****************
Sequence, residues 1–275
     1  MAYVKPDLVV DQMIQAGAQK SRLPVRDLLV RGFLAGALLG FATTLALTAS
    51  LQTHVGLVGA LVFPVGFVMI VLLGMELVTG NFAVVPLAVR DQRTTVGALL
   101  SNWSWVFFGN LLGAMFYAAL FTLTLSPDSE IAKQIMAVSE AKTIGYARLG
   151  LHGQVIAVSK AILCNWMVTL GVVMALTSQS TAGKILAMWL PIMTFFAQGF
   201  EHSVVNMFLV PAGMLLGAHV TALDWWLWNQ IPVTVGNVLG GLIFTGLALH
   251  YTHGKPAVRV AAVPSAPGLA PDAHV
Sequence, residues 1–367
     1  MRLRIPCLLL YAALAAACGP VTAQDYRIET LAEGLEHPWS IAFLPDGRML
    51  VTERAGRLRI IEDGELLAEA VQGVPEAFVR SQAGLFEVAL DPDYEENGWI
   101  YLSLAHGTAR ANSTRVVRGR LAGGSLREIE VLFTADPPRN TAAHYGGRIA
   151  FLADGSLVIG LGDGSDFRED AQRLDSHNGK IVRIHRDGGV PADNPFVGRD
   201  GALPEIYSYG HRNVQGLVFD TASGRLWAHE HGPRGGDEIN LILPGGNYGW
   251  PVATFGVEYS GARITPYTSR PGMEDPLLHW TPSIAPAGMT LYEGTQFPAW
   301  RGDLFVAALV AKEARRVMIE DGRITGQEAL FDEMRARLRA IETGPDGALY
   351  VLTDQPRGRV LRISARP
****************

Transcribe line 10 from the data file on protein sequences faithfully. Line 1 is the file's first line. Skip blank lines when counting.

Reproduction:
    51  VTERAGRLRI IEDGELLAEA VQGVPEAFVR SQAGLFEVAL DPDYEENGWI